Thanks for all your help so far. I saw some cultured stone from Owens Corning this weekend on a public works job site. I liked what I saw but don't know if I was looking at natural rock or cultured rock. Would only masons and quarry workers know by looking if a rock is cultured or not?
 
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Old 08-02-04, 09:13 AM
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The cultued Stone would be alot thinner then real Stone. If would be anywhere fron 1 1\2" to 2 " thick, while real Building Stone would be 4", 5", 6" or more thick.

Yes, the average person could not tell the difference from the street even up close it is almost impossible to tell for the average person. Masons and people that are in the Cultured Stone industry could tell. Maybe, not at first glance though.
 
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Old 08-24-04, 10:32 AM
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Lava Rock

I'm also interested in replacing my siding with rock, but I would like to use lava rock. I know it's very light, so might it be possible to not have to build it up from the foundation? Or as an alternative, is there a cultured version of lava rock that might be even lighter? (I've done many searches with no success.) I'd be putting the lava rock on a portion of the house that has a strange bumpout, so there's no foundation to build up on.

Thanks for any advice!
 
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Old 08-25-04, 12:14 PM
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Lava rock for sale

Originally Posted by lawebchick
I'm also interested in replacing my siding with rock, but I would like to use lava rock. I know it's very light, so might it be possible to not have to build it up from the foundation? Or as an alternative, is there a cultured version of lava rock that might be even lighter? (I've done many searches with no success.) I'd be putting the lava rock on a portion of the house that has a strange bumpout, so there's no foundation to build up on.

Thanks for any advice!
The cultured stone web sites have diy instructions which say something about not building it up from the foundation. In fact, they recommend starting from the top to avoid mortar drips on the stones below. I have some lava rock siding (at least that is what it looks like to me) but mainly wood and want to replace it with cultured stone someday. When it comes time to remove what I have, I will gladly sell it you .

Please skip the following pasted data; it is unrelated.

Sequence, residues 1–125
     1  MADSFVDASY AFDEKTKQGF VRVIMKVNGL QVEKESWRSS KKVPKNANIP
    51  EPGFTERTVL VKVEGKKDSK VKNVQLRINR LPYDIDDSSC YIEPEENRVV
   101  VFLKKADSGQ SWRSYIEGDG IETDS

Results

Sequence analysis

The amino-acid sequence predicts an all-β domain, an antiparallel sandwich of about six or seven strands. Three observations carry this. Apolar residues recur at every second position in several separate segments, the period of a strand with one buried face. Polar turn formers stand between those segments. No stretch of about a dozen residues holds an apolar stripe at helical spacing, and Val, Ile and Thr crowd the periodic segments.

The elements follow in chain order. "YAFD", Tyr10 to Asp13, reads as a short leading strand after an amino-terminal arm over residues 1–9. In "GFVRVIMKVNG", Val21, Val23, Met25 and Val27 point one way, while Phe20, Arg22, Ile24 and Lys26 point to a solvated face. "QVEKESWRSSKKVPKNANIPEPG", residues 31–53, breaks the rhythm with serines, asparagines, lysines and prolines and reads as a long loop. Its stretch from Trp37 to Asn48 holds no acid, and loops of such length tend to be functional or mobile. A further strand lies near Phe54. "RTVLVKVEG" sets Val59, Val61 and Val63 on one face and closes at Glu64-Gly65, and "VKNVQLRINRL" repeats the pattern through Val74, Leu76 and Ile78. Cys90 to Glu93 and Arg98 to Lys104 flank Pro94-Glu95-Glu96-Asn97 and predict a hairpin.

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Old 08-26-04, 08:49 AM
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It's a deal!

It's a deal - you're not too far from me :-)
Leave another message when you're ready to rip stuff down! Unless you're like me and plan on procrastinating for a few years...
 
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Old 08-27-04, 08:41 AM
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Might be a year or two

Originally Posted by lawebchick
It's a deal - you're not too far from me :-)
Leave another message when you're ready to rip stuff down! Unless you're like me and plan on procrastinating for a few years...
If you are willing to come take it, I will give it to you for free. There isn't that much of it, maybe a 2' X 8' section. I plan to start either next summer or the one after. I'll post back when I know for sure.
 
  #18  
Old 10-03-04, 12:27 PM
jodac
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Is this possible...

My cedar siding is in very poor shape. In the local massive hardware store I came up with an idea. What am I missing..

Remove current cedar siding
place a water barrier.
Put up tile backing boards(3x5)
Tile with slate tiles.

Would have the look of slate...

any thoughts..

Thank you....
 
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Old 10-04-04, 09:17 AM
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Originally Posted by jodac
My cedar siding is in very poor shape. In the local massive hardware store I came up with an idea. What am I missing..

Remove current cedar siding
place a water barrier.
Put up tile backing boards(3x5)
Tile with slate tiles.

Would have the look of slate...

any thoughts..

Thank you....
My thought is to run your plan by the city/county building inspector. They will know if anything in your area is a known problem and that knowledge could save you lots of time and dollars later.

As an example, I am in California and because of the earthquakes, there is a danger that the weight of the rock, cultured or not, would shift in a quake, which would put a lot of weight on the wall itself instead of the foundation. I discussed my siding idea with a friend who is a structural engineer. He explained all of the details of weight transfer. I would have never thought of this danger if he had not pointed it out to me.
 
  #20  
Old 03-02-06, 12:34 PM
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Lava Rock

Part of my exterior is lava rock, and I would like to add some more on another wall. Any idea where to find it?
 
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Old 03-05-06, 06:07 PM
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I gotta ask

Is lava rock making a comeback? If you are in California, try a building supply store. I plan on taking mine off someday, hopefully within a year or two, and you are welcome to it.